Posted by: Adam Deane | 05/01/2011

The 5 stages of grief

Grim ReaperGrieving is a process that everyone experiences differently.

Technology Mortality is something that you accept as a part of life. At some point you will receive the news you so dread to hear.
It happened to me as well…

My Laptop just died on me

You could hear the screaming from the other side of town. Noooooooooooooo !!!!
The beating on the chest. The pulling of hair. The wailing. The futile attempts to resuscitate. How could this happen to me!?

I’ve had my loyal laptop for 6 years (6144 in computer years..) and never thought of getting a new one.
I’m the only person in the company that still used Windows XP as a operating system.
Only 1.5GB RAM – which meant I needed to keep it on a constant diet of healthy non fattening applications (I didn’t even have an antivirus running…)
So we sent the laptop to the lab. The coroner is checking allegations of technical suicide or did it die of old age.

How people respond to a laptop death can either help or hinder the healing process.
An effective response to a death requires advanced planning and frequent backups.
Luckily all my work related documents and information were backed-up correctly, but a lot of my blog-related work was lost: articles that I was in the middle of writing, reseach notes, links, rss feeds…

An effective response increases the likelihood that the trauma will be minimized and ensures that the psychological equilibrium will be restored as soon as possible.
When a laptop dies on you, especially one that you’ve been with for so long, you go through the 5 stages of grief
1. Denial – “The laptop is fine”; “I’ll let it rest for 5 minutes and reboot”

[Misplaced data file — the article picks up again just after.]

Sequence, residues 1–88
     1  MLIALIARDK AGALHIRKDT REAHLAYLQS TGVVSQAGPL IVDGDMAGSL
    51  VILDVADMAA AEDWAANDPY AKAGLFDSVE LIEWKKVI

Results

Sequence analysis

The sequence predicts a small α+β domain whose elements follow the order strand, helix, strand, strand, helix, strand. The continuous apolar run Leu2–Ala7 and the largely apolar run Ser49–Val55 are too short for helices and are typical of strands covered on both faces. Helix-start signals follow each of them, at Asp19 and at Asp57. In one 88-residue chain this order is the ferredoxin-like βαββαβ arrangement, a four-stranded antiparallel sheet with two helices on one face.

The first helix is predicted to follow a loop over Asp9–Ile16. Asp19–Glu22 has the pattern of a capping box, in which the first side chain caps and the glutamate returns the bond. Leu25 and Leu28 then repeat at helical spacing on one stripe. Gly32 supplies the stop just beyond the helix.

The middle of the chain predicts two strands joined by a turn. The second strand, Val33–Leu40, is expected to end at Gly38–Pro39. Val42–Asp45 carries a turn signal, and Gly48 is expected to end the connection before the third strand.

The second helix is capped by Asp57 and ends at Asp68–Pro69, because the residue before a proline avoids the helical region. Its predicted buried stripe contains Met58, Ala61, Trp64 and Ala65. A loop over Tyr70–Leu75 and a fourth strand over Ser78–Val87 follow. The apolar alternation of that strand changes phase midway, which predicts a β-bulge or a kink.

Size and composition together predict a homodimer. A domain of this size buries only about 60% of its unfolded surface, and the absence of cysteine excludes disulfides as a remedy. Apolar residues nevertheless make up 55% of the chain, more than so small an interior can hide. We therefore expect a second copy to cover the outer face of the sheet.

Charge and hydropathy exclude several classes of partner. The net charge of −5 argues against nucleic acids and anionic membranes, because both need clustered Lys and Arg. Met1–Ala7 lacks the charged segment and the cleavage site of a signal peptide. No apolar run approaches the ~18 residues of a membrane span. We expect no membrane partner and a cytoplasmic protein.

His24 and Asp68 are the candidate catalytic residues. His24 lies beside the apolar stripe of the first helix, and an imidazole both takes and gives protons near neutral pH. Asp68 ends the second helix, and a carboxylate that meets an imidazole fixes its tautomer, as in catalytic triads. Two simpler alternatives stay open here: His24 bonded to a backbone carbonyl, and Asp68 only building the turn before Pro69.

Denial is usually only a temporary defence. This feeling is generally replaced with heightened awareness of problematic situation.
2. Anger – “Why me? It’s not fair!”; “How could this happen?”; “Who is to blame?”
Once in the second stage, you recognize that the denial cannot continue.
3. Bargaining – “I’ll transfer the harddisk from one laptop to another…”
The third stage involves the hope that you can somehow postpone the inevitable.
4. Depression – “My life is over… Why bother any more?”;
During the fourth stage, you begin to understand the certainty of the laptop’s death.
You become silent, refuse to participate in social events and spend much of the time being grumpy. It is an important time for grieving that must be processed.
5. Acceptance – “”Well, I can’t fight it. I may as well order a new one.”
In this last stage, you begin to come to terms with the inevitable

I’m watching out for signs and symptoms of posttraumatic stress, but it looks like I’m starting to get over it.
The company bought me a new Dell XPS laptop. It’s got Windows 7 and a wider screen. “Cutting-edge technology” everyone tells me… It will take getting use to .

Ashes to ashes, microchips to microchips, rest in peace my dear laptop…
You will not be forgotten.


Responses

  1. Adam, this is a great post, and i feel you!

    I just lost all data, yes ALL data from my smartphone and thats data thats passed on from one instrument to another for over 8 years. I was told it was a ‘software problem’ (read ALL data will be lost forever). And i wasnt as smart as you – i did something quite the opposite of your back up efforts – i backed up everything other than contacts! Aaack! I went thru all those stages you have mentioned – its so true. I dont know about post taumatic stress – at least at the stage i am in perhaps – but I think I just kinda numbed myself into getting over it!

    Good luck with your new laptop. I hope we havent lost some good posts from you….!

    • Thanks for the condolences!
      I’m trying my best to recover…. ;->

      • (:

        adam at his best

  2. Did you guys feel like someone beloved has gone or like you’ve lost a part of your body?

    Are we becoming cyborgs?

    • An excellent analogy and video, Anatoly.
      Are we increasing our humanness .. Does technology help us live our life better…


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